One woman described searching the northern Tigray town of Sheraro, on Dec. 22 for pills to prevent pregnancy after a friend told her she had been gang-raped by five men.

“Not a single worker was in the hospital,” the woman told Reuters by phone, saying she was too afraid to be identified. “The whole hospital was looted … Apart from the roof and doors, nothing was left.”

She tried a health center, but said it too had been looted.

SLOW RECOVERY

When French aid group Medecins Sans Frontieres (Doctors Without Borders) visited the northern city of Adigrat in mid-December, the hospital was mostly deserted, it said in statement last week. There were hardly any medicines, and no food, water or money.

Some injured patients were malnourished, the group’s emergency coordinator for Tigray, Albert Vinas, said in the statement.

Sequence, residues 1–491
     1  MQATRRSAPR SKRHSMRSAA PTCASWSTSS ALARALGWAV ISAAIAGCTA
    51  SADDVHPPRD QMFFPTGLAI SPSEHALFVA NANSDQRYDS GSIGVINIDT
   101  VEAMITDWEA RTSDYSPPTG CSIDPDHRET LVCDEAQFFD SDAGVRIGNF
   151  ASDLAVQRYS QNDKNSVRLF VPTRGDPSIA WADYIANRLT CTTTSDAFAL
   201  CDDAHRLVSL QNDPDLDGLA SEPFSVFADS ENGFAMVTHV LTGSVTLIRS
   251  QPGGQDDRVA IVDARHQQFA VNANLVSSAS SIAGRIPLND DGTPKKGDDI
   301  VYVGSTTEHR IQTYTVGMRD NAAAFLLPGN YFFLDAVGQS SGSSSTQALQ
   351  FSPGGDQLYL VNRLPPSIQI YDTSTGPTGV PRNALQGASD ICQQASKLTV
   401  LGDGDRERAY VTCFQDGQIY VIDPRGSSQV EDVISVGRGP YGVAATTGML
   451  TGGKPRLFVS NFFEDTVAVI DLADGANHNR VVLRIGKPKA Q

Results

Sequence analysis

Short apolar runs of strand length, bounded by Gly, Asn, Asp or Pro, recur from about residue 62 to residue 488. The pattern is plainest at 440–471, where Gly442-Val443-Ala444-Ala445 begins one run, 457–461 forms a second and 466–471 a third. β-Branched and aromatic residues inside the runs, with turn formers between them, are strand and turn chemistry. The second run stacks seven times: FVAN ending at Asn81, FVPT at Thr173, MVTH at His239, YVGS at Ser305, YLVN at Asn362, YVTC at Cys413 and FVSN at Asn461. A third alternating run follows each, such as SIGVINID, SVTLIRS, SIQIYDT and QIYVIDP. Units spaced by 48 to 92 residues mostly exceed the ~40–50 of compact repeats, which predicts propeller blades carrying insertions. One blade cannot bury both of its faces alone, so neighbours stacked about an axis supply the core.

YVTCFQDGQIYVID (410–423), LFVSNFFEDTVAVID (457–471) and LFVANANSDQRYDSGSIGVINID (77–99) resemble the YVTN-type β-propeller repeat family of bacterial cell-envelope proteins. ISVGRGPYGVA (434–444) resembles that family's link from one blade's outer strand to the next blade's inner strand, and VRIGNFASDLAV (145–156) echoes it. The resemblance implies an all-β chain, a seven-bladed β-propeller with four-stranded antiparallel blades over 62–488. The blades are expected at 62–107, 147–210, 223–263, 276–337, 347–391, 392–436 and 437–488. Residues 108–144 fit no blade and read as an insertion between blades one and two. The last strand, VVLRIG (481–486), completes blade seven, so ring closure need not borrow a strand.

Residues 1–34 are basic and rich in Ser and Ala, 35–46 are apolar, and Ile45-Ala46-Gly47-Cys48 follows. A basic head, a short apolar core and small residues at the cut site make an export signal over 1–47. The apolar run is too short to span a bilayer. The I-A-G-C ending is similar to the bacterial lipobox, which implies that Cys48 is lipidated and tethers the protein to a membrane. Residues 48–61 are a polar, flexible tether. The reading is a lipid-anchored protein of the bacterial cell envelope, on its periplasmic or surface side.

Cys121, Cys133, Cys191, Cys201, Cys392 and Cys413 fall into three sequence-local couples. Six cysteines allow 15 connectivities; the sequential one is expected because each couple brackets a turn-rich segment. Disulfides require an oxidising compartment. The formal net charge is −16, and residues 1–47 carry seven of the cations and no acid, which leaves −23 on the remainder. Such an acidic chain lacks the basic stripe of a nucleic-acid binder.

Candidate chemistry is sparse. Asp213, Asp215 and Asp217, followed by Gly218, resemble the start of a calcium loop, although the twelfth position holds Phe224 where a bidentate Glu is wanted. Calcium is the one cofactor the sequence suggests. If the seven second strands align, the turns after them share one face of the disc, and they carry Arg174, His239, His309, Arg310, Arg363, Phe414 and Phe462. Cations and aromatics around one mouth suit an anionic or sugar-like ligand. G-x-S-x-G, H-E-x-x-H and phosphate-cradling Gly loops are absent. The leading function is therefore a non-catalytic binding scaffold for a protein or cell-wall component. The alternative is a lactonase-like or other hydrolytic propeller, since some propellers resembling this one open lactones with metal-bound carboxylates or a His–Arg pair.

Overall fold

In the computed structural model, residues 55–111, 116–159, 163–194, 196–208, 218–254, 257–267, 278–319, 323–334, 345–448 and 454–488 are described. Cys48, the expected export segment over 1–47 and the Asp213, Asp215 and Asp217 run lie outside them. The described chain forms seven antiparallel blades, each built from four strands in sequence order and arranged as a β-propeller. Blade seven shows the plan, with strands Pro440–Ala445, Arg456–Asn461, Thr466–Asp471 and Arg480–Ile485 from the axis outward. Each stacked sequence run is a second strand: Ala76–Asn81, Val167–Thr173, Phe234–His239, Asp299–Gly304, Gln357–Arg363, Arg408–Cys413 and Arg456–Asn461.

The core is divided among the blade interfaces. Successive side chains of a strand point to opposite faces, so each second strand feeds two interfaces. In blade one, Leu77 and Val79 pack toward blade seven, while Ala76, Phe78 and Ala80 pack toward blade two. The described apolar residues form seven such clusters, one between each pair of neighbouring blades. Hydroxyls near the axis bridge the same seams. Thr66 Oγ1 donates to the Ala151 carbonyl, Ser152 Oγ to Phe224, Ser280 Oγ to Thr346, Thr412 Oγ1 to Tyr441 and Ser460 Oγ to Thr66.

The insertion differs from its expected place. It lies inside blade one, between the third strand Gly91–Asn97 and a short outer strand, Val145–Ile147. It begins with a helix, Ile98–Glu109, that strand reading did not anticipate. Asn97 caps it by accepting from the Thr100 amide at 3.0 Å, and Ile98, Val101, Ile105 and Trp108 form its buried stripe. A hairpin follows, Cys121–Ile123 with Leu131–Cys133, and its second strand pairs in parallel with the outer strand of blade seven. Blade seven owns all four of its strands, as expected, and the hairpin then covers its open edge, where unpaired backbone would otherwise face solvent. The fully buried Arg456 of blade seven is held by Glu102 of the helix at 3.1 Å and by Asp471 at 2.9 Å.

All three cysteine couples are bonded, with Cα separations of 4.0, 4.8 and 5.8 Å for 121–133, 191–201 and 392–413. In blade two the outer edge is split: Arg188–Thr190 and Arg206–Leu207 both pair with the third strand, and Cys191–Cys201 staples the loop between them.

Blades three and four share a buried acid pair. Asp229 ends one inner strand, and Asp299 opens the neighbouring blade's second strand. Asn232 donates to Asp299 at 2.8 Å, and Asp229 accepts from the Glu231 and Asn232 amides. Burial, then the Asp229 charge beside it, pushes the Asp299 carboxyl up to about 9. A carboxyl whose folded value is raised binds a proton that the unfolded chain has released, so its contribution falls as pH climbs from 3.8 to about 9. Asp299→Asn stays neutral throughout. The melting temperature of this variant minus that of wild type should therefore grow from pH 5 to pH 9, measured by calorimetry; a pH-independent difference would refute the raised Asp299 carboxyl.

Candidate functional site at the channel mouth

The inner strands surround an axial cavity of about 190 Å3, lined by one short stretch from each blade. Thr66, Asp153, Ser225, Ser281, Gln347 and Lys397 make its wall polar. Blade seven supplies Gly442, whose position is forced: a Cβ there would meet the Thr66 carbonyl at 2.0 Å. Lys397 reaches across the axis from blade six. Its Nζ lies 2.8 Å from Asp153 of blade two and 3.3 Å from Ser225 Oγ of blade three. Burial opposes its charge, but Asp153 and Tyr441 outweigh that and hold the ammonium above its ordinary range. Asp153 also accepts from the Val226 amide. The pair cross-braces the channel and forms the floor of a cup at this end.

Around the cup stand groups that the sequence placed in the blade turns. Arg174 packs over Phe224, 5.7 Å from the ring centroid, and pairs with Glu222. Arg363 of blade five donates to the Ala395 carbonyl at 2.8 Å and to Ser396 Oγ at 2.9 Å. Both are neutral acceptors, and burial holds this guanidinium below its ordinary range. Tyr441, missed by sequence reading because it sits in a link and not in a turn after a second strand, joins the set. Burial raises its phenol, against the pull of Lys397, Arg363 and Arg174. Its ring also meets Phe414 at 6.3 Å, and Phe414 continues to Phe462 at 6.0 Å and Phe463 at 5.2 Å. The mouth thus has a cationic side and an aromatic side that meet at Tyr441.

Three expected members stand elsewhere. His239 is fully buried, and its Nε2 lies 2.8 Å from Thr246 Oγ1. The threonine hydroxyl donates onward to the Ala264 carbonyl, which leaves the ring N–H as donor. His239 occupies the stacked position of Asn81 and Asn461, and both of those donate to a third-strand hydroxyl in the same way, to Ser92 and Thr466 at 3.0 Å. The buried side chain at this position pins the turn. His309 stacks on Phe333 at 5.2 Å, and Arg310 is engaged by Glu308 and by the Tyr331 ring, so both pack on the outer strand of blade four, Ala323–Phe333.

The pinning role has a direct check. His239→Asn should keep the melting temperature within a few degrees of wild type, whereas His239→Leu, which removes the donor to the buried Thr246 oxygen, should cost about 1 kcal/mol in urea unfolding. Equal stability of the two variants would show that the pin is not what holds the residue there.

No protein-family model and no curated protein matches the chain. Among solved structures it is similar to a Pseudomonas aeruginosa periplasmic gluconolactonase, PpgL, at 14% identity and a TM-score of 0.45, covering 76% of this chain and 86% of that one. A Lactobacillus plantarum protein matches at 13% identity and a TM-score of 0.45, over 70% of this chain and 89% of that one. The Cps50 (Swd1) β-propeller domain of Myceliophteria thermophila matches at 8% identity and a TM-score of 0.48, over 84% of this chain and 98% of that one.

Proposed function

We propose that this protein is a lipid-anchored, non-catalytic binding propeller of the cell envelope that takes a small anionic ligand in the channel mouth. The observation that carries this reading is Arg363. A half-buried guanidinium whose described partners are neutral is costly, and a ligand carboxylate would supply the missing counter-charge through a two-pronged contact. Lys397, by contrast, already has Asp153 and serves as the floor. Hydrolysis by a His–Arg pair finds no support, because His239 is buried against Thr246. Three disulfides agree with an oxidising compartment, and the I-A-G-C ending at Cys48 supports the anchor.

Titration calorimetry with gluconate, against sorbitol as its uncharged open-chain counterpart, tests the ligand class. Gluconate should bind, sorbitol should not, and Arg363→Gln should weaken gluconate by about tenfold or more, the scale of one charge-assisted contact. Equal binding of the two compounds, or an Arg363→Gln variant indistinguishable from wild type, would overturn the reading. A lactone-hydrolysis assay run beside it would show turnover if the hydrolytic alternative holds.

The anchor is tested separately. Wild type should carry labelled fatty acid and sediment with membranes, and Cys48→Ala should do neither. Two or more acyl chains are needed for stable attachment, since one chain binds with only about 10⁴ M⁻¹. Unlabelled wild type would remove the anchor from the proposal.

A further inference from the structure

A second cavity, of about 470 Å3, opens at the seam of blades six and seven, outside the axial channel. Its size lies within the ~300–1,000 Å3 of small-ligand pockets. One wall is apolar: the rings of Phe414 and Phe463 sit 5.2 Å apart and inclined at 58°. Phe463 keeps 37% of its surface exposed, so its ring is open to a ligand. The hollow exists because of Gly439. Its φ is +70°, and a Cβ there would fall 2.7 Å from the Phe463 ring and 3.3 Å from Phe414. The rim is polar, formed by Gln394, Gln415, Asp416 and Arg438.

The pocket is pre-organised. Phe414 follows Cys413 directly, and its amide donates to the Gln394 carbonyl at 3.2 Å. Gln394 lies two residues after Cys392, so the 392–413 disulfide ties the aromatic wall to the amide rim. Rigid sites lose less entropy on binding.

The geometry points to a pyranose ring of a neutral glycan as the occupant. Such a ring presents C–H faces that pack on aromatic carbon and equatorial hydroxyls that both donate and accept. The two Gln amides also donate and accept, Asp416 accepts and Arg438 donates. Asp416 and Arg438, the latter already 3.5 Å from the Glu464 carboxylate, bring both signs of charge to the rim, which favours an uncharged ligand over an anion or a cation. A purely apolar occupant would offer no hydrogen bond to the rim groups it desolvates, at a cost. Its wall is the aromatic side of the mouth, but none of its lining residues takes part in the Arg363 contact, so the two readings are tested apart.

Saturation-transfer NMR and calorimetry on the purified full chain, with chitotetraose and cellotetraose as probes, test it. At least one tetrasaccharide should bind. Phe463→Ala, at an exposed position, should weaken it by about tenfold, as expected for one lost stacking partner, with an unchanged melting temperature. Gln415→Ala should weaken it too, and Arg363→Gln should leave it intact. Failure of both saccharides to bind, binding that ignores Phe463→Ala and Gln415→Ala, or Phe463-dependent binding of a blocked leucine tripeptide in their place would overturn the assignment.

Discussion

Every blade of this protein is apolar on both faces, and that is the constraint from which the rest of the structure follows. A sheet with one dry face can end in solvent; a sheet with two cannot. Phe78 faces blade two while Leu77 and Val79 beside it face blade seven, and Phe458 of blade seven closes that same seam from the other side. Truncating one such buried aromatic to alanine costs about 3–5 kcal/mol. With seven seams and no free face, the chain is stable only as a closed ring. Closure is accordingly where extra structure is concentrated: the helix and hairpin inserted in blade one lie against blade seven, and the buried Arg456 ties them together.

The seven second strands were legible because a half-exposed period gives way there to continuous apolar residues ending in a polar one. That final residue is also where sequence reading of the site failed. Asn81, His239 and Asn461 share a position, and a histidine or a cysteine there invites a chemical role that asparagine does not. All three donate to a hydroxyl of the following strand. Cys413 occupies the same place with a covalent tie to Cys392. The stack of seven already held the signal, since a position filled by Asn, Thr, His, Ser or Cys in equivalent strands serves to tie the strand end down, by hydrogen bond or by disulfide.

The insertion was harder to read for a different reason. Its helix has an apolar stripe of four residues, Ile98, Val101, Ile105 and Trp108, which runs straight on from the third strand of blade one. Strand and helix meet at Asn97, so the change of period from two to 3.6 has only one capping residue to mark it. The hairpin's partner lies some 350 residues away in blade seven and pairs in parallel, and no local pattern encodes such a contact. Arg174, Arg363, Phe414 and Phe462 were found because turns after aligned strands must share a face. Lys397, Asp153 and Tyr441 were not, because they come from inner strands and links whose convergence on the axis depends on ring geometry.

Some services have since resumed, but the hospital still has no chemicals for its laboratory and no therapeutic food for malnourished children, an Ethiopian medical worker stationed there told Reuters on Saturday. He asked not to be identified, because he was not authorized to speak to journalists.

Hospitals in the towns of Adwa and Axum, in central Tigray, also had no electricity or water when MSF visited. All the medicines had been stolen from Adwa hospital and furniture and equipment broken, Vinas said.

“I saw people arrive at hospital on bicycles carrying a patient from 30 km (19 miles) away, and those were the ones who managed to get to hospital,” he said. “People die at home.”